So to maximize your chances of seeing the bioluminescence, concentrate on an area where there has been more than one previous sighting. Do proper research though, because there is a lot of misinformation out there. For instance, the tourist authorities in the Maldives (and several hundred tour operators and tourism websites) have been illegally using one of my photographs (taken in Jervis Bay here in Australia) for years, so don’t believe everything you see online – particularly if you’re expecting to see it in the Maldives!
When to find it
In order to see those glowing blue waves you need to be on the right beach at night and that means doing a bit of homework during the high tide that same day. Walk along the beaches where there have been sightings before (as the daytime tide is coming in) and look for a red algal bloom in the water. It’s not a dark red color, more of a light purple, but it is very distinctive.
There are various theories on what causes the algal bloom. I’ve spoken to researchers on the subject (who have used my images in their scientific works) and the general consensus is that they are a sign of imbalances on the water. This means that when there is one showing of algal bloom, there could well be another not long afterwards because the water simply does not recover that quickly. So if you hear of a sighting, it’s well worth checking out the same location a couple of days after that too.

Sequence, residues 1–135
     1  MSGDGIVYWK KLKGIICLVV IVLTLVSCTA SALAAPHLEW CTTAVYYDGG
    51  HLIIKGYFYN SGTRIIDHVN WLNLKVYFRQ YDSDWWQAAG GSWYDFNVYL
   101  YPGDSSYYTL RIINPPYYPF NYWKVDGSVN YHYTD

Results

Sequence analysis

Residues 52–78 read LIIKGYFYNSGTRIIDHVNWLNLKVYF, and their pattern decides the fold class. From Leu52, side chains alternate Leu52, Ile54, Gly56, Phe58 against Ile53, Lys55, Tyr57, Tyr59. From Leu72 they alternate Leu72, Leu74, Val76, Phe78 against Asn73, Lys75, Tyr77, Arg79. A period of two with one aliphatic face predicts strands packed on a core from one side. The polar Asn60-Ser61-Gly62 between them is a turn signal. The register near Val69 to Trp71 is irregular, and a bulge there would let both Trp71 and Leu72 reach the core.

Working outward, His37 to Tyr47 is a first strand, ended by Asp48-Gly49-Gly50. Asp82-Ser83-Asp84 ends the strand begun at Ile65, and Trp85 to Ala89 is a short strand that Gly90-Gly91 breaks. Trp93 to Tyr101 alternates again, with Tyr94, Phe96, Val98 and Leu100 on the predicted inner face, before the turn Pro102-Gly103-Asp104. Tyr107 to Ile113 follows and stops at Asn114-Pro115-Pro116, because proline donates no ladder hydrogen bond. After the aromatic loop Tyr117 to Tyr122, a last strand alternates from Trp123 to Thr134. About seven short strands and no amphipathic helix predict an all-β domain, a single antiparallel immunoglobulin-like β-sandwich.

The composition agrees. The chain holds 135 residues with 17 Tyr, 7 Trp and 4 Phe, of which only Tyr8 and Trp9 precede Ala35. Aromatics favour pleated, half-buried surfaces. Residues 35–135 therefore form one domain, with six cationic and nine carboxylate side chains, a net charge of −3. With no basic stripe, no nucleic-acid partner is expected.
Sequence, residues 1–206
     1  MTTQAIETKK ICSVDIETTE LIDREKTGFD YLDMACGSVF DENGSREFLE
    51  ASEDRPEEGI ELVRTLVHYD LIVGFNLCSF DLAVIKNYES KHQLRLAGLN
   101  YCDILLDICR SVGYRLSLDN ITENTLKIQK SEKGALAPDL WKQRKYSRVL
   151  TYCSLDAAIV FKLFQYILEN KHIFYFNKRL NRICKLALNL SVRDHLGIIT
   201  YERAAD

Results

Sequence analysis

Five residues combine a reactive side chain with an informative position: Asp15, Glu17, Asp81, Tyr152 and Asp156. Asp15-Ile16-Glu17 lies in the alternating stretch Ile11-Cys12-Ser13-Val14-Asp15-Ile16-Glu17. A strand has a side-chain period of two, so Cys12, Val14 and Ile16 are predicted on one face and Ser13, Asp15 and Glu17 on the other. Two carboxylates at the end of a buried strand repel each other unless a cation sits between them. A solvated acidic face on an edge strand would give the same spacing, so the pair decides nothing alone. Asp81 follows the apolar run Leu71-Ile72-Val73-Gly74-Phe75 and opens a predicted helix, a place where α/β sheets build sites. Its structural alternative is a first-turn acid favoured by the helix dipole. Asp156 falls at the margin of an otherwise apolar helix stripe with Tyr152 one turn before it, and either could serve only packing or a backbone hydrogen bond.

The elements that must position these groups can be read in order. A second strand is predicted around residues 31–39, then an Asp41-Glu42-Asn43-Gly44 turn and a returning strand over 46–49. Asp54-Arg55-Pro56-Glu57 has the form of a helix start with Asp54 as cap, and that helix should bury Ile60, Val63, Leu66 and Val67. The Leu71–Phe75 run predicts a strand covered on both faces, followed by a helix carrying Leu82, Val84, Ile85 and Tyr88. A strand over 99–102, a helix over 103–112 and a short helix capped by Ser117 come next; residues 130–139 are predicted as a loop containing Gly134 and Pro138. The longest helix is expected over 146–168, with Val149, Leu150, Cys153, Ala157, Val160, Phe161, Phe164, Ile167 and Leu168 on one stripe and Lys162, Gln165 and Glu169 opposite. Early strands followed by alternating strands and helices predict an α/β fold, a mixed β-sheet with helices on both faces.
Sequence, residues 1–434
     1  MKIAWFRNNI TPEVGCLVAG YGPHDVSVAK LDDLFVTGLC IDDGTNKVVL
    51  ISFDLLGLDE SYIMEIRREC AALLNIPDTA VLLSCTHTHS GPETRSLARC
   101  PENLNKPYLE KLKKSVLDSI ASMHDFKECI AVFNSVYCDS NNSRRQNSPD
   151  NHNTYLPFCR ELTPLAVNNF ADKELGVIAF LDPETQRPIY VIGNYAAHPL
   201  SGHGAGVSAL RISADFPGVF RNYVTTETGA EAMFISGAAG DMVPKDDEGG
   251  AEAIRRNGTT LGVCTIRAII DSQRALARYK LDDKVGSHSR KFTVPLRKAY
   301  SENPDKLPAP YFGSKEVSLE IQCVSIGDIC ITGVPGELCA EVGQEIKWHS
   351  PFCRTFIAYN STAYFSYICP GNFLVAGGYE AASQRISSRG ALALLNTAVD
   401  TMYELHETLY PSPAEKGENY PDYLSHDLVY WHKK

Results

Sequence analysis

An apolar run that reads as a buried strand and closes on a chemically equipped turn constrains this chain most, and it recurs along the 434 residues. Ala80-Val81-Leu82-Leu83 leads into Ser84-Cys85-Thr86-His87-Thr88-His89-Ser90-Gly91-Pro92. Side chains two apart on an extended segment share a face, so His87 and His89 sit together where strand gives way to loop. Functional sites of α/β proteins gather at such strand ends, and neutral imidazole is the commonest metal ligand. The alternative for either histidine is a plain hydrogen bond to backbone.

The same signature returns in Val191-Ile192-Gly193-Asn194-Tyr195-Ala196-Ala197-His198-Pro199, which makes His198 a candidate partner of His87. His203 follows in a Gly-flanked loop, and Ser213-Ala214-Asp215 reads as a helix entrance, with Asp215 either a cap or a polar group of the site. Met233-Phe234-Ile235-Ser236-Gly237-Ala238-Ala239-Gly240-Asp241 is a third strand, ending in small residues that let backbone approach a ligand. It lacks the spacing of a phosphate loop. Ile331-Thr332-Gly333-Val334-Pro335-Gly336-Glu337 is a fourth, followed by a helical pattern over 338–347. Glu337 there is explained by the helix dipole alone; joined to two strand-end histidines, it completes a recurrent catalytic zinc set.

How to spot it
Note where you see the red algae and then return at night. Bear in mind that tide and wind can easily move the algal blooms and you should be prepared to walk along the beach searching for it. On one occasion I saw a red algal bloom in some rock pools at a particular beach during the day, but when I returned at night I had to walk 2km to the east before I found the bioluminescence.
Also bear in mind that dinoflagellates only bioluminesce when the water is agitated. Therefore if there are no waves (such as at a lake) then you probably won’t see a thing. So grab a stick or chuck a rock in the water and see what happens. If you’re at the beach then take off your shoes and walk through the water along the beach and your walking will trigger the light show. The algae also get stuck to the plant-life and animal life and I’ve seen neon blue fish swimming through the water before.
Amongst the locations that bioluminescent oceans have been observed are Halong Bay in Vietnam, Torrey Pines Beach in San Diego and Jervis Bay in Australia.
How to photograph it